Last week, Sainsbury’s announced its January Savers promotion. A number of national newspapers reported this as the potential start of a new price war. They also reported claims that the promotion would save a customer around 20 on a typical weekly shopping basket of 70.
Alaric Evans from Taylor Nelson AGB Superpanel uses Retailer Price Track information to assess some underlying trends and changes in grocery retail pricing.
The grocery retailers saw genuine price deflation during much of 1994, but since then prices have been rising.
Despite promises of intense price competitiveness for Christmas 1995, the overall trend for supermarket pricing was strongly upward last year, particularly in the second half (see chart one). The rate of annual increase peaked in September at six per cent (when supermarket prices were mentioned as a contributor to an increase in the Government RPI figures).
Later months have shown lesser increases but these have been increases on inflation in 1994, while the September increases were on deflation the previous year.
While some increases will be passed on from manufacturer price rises, this does suggest some room for real price reductions. However, this opportunity was not taken at Christmas.
Sudden major revisions in pricing are surprisingly rare. The last one recorded by Taylor Nelson AGB was in June 1993, when Somerfield’s first Price Check was launched. Somerfield’s Retailer Price Track Index fell overnight by five per cent, indicating that the average basket purchased genuinely cost five per cent less.
This is a very different scale of change from the Sainsbury example quoted of saving 20 on a 70 basket – which compares promoted prices to the previous full price of these goods. Obviously people buy other goods as well or instead. Most importantly, in practice, last week’s basket will have contained last week’s promotions – not this week’s promotions at last week’s prices.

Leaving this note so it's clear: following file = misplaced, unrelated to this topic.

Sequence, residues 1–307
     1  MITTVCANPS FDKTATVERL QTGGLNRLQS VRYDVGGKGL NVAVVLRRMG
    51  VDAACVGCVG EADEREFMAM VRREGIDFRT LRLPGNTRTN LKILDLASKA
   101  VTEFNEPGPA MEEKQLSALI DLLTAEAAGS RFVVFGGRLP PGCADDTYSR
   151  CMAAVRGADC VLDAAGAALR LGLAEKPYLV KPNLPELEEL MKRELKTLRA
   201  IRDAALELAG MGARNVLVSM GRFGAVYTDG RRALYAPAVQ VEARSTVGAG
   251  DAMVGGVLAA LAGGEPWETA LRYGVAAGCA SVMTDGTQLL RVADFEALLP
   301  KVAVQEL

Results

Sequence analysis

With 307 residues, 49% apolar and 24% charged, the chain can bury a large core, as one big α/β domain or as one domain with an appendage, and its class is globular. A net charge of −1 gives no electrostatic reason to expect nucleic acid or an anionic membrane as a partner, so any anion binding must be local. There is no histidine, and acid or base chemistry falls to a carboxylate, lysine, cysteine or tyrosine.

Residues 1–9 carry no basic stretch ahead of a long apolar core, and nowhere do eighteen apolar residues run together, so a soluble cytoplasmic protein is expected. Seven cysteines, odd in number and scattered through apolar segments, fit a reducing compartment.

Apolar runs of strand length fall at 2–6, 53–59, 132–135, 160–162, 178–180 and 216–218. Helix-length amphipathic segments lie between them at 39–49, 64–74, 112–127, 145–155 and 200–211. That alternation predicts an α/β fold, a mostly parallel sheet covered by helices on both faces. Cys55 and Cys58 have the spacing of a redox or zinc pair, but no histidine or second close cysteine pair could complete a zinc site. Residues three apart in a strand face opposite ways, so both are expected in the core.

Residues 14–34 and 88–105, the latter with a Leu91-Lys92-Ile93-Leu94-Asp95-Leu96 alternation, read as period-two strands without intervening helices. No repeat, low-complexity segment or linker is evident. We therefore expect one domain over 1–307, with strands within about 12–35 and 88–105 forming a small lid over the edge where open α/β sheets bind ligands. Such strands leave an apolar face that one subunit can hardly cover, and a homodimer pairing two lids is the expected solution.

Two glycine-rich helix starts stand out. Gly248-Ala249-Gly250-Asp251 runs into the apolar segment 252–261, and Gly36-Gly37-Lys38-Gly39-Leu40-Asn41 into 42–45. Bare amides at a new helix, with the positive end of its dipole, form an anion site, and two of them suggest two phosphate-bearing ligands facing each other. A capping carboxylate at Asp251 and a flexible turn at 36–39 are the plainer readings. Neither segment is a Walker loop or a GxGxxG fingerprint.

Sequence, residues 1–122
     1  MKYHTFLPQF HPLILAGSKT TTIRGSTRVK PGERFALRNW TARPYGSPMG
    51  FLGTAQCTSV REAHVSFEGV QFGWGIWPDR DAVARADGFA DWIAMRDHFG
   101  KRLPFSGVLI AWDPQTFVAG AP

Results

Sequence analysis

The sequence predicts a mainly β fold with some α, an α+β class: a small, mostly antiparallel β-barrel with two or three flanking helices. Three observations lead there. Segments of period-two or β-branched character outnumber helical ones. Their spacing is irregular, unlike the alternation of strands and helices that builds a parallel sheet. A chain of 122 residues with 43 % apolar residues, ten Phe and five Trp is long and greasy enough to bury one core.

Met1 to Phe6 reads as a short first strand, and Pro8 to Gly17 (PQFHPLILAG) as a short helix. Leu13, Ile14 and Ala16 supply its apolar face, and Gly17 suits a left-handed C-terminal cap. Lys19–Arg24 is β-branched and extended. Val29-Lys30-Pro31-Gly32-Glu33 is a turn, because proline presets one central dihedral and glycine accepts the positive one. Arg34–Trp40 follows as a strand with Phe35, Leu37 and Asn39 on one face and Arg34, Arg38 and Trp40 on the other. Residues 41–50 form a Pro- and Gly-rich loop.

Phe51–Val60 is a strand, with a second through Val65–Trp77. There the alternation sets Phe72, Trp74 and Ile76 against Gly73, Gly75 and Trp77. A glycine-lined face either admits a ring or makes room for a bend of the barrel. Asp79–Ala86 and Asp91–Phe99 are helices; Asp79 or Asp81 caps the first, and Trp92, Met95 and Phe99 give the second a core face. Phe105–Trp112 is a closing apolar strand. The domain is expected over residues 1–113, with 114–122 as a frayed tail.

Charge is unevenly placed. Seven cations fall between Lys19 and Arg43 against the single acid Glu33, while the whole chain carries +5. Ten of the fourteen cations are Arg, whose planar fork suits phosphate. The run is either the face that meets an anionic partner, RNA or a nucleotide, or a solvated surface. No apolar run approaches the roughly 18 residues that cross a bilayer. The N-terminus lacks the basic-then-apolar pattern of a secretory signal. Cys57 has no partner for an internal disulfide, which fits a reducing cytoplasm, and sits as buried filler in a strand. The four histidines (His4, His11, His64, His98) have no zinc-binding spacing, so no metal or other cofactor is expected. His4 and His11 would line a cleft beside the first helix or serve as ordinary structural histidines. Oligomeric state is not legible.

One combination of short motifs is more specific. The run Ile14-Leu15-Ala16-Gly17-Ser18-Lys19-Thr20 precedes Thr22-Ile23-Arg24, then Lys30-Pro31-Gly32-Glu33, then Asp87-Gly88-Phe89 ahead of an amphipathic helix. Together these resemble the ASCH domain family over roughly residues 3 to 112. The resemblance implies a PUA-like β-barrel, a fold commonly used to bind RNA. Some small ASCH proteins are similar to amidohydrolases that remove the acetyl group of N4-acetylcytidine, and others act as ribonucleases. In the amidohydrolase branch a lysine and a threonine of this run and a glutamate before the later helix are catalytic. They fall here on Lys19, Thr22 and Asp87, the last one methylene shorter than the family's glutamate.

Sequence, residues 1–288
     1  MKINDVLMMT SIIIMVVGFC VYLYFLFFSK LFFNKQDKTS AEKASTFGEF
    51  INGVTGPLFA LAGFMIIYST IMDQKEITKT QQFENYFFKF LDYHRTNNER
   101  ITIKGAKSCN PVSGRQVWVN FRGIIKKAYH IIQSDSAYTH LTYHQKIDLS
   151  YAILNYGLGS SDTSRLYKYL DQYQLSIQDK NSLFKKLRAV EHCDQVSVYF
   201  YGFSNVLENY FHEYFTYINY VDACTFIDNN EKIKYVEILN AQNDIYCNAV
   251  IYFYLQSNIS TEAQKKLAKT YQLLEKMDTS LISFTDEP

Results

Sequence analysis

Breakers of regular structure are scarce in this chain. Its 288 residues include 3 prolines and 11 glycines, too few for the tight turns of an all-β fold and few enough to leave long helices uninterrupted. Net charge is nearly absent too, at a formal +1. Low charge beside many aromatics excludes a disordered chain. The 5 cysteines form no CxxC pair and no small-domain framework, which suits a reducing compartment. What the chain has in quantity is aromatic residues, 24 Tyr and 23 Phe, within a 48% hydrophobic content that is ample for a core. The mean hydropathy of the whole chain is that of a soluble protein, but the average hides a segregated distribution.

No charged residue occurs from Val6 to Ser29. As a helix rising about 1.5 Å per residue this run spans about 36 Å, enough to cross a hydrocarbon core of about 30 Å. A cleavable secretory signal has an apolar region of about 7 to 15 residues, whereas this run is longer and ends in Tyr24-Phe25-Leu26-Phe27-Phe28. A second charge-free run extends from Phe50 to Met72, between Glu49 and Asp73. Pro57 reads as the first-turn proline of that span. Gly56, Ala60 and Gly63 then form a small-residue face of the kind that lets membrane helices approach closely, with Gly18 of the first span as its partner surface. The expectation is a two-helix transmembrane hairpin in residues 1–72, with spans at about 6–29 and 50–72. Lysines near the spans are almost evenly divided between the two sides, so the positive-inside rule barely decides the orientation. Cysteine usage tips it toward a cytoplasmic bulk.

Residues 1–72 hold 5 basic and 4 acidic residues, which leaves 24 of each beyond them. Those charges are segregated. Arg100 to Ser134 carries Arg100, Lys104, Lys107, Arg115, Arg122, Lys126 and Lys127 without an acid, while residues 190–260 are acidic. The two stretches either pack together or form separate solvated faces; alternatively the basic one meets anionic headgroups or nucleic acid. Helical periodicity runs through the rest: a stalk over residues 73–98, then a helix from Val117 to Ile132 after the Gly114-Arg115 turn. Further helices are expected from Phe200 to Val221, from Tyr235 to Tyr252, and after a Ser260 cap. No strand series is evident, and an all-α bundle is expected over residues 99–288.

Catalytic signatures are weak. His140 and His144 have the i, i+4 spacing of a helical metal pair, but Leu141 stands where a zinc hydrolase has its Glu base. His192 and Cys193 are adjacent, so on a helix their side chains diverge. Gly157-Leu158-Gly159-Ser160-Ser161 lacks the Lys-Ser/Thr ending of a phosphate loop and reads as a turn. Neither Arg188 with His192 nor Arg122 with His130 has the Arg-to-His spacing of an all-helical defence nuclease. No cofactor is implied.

However, more gradual changes in price position are occurring all the time.
Over the past three years, and particularly the last 18 months, Safeway has become comparatively cheaper – and is now broadly competitive with Sainsbury and Tesco, while Asda has also become cheaper from a lower price position. Sainsbury and Tesco have remained very similar in pricing over the period.
These changes in relative position have only come through as overall prices have increased, reflecting different rates of price inflation among the major stores, rather than price reductions across the board. (see chart two).
Quite simply, Asda and Safeway have been holding price increases to a lower overall level.
In recent years, grocery superstore prices and margins have been higher on fresh foods than in the traditional packaged grocery area. It is in this area that Safeway and Asda have become much more competitive, almost certainly at the cost of gross margins – see charts three and four.
It seems that failing to take the same price increase may not ring the alarm bells among competitive retailers as much as an obvious price promotion.
However, Asda has reduced prices in grocery and, reflecting recent publicity, is also now also very competitive in the toiletries area.